Two plates. Plain white china on a red and white tablecloth. On one, a thick wedge of fromage de tête (calf’s head cheese) and on the other, a line of rosette, Lyon’s best sausage. No sprinklings of hand-crushed parsley and no pan-fried, sea-salted, foraged fripperies here. I am eating in one of les bouchons Lyonnais, the traditional bistros that are dotted around the center of Lyon in east-central France, many of which have been open since the 19th century.
Bouchon tables are typically covered in checkered cloths with unfussy cutlery and plain glasses. Napkins are large and weigh as much as a jacket. The servers wear aprons and offer a timely grumble rather than a chipper smile. Bouchon menus are short, and few diners manage to finish what’s on offer: robust dishes that have contributed hugely to Lyon’s reputation as the capital of French gastronomy.
My quenelle de brochet arrives, a dumpling of pike the size of a giant mango drowned in a creamy yellow sauce. I close my eyes and visualize the empty iron dish, but this is just for starters. Opposite me, two others are eating their quenelles, mopping up the lobster sauce with torn baguettes, and talking with the patron as I begin to breathe more deeply.
In a city celebrated for its haute cuisine, where internationally traveled inventive young chefs are reinvigorating the metropolis’ 4,000 restaurants, there is still a huge appetite for the traditional bouchon. Owners always come out to chat. They want to know what you’re doing there, what you think of the food and why you haven’t finished. The name bouchon comes from the tiny bundle of straw that used to be tied to the door to show that horses could rest there—bouchonner means “to rub down”—while the coachmen enjoyed a restorative meal at the inn.
Next up for me is a taste of the tablier de sapeur (sapper’s apron), the wayward prince of bouchon dishes. It is made from boiled gras-double, the membrane of a cow’s stomach, marinated in white wine, coated in breadcrumbs, fried, and served with mayonnaise and a sapper’s handful of boiled potatoes.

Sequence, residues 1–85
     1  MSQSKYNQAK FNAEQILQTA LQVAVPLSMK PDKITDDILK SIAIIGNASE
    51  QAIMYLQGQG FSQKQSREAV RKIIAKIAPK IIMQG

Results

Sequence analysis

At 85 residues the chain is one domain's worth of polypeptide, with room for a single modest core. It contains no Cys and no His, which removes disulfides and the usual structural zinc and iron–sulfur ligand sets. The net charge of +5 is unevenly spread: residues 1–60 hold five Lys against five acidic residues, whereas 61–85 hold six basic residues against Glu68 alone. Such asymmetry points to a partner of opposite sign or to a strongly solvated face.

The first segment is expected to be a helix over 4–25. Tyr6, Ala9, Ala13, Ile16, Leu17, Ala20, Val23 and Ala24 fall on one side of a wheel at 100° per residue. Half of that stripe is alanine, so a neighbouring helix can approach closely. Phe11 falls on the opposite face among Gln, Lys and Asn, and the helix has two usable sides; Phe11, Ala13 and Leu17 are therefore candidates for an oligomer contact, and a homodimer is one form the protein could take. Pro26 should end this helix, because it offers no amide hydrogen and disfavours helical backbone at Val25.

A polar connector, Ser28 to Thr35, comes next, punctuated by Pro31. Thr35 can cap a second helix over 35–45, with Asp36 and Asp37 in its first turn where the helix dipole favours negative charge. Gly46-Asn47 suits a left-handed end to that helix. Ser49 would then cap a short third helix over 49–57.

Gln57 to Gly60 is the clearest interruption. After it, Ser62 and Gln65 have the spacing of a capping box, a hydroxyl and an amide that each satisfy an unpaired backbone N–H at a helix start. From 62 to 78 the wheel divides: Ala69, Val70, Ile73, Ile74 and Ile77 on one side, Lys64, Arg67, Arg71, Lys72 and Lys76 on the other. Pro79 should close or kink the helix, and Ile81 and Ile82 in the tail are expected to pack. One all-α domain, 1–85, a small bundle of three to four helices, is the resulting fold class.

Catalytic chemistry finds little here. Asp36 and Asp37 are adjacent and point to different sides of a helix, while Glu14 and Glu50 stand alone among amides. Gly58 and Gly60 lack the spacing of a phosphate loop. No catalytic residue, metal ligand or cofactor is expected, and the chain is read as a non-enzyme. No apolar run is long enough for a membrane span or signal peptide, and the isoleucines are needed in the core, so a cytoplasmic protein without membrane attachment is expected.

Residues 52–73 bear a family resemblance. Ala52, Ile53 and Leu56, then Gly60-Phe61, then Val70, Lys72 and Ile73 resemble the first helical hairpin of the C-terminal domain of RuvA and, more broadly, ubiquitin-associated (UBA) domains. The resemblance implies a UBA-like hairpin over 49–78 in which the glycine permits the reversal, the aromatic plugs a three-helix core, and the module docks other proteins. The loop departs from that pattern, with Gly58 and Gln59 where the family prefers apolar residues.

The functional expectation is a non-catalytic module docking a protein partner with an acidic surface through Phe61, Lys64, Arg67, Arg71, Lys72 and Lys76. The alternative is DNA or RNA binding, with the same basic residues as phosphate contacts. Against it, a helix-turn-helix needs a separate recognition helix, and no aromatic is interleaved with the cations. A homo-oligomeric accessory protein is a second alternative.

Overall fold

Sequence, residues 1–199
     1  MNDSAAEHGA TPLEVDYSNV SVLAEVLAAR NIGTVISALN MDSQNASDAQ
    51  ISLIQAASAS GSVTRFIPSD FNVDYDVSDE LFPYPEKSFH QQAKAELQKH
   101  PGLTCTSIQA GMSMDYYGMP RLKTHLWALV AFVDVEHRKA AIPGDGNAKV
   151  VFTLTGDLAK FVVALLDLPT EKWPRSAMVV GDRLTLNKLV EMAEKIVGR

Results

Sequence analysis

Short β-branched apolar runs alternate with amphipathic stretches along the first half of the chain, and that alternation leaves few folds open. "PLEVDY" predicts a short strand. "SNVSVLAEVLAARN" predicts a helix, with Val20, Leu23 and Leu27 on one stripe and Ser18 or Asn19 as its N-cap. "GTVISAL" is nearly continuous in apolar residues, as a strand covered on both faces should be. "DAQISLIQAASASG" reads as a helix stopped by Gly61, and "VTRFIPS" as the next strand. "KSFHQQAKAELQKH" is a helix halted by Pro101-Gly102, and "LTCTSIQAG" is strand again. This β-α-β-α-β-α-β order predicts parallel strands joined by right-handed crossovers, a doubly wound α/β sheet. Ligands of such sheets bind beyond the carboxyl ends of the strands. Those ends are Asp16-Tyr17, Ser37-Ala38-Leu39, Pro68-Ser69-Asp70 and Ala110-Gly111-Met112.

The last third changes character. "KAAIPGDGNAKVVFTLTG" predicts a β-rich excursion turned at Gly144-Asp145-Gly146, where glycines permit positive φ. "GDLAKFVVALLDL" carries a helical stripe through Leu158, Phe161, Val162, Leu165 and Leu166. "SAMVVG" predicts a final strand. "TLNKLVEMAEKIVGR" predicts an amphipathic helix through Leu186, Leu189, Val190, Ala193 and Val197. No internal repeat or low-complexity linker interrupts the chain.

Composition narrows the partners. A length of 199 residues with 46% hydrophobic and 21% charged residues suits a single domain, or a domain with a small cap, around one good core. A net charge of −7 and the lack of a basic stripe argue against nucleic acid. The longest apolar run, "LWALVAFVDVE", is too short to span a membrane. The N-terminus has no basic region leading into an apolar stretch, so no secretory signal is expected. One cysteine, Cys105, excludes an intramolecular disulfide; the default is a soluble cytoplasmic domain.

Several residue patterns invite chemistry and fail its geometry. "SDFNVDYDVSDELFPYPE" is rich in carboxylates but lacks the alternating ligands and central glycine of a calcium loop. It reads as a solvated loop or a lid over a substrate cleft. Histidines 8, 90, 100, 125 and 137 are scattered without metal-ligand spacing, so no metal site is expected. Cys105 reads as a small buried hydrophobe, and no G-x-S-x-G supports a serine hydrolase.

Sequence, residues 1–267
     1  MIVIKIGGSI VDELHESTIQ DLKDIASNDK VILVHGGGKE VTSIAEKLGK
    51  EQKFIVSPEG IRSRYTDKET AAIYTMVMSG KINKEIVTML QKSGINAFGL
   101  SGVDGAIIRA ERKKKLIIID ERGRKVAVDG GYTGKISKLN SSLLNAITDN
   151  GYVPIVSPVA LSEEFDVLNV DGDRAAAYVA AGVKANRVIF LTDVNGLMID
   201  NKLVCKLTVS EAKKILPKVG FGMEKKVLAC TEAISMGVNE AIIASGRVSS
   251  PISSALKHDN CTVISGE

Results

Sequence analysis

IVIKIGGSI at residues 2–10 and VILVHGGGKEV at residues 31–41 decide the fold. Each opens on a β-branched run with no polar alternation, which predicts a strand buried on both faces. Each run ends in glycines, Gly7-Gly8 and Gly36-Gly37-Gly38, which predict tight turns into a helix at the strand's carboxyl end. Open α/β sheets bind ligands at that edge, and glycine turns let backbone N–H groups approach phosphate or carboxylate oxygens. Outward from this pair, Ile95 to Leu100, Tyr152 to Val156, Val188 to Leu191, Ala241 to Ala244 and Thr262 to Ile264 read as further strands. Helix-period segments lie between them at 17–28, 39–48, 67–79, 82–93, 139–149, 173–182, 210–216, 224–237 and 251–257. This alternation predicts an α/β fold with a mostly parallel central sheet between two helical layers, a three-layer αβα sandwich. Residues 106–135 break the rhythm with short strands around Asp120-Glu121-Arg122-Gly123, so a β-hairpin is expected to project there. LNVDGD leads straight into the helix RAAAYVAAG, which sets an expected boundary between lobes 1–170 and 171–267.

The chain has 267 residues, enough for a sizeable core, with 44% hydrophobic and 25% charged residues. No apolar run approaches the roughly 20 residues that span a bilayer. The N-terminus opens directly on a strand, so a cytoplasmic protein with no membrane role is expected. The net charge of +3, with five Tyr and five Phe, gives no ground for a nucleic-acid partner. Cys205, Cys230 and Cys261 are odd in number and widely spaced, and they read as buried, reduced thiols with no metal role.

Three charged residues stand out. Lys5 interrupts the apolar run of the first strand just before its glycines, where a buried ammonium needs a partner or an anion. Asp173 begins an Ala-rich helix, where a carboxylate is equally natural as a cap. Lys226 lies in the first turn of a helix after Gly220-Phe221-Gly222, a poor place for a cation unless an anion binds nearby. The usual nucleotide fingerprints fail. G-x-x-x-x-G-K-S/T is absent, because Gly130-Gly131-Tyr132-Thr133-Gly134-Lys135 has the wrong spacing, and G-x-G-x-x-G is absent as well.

At Bouchon Thomas, owner and head chef Thomas Ponson serves the grands classiques: thick slices of terrine de campagne maison and caillette maison aux herbes pâtés or a saucisson pistaché. He has a small empire of six restaurants, each serving a different style of food along the rue Laurencin, one block from the Rhône river. We meet in his La Reserve, a private dining and tasting room where there’s a huge selection of wines in a glass-sided storage room.
His onglet de bœuf Charolais aux échalotes et vin rouge is legendary, but in the end, I plump for andouillette à la fraise de veau, grillé sauce moutarde (chitterling sausage in mustard). It arrives on a ceramic tray served straight from the oven, and so hot, it sears rectangles into the table mats and warms the dining room like a miniature radiator. I recognize the word fraise (usually “strawberry”) in the name, but it refers instead to calf stomach membrane, which is coiled into the sausage. It’s fair to say that most bouchon dishes sound better left in French. Saying “foie gras” makes your mouth open in awe, rather than the horizontal gnashings of “fatty liver.”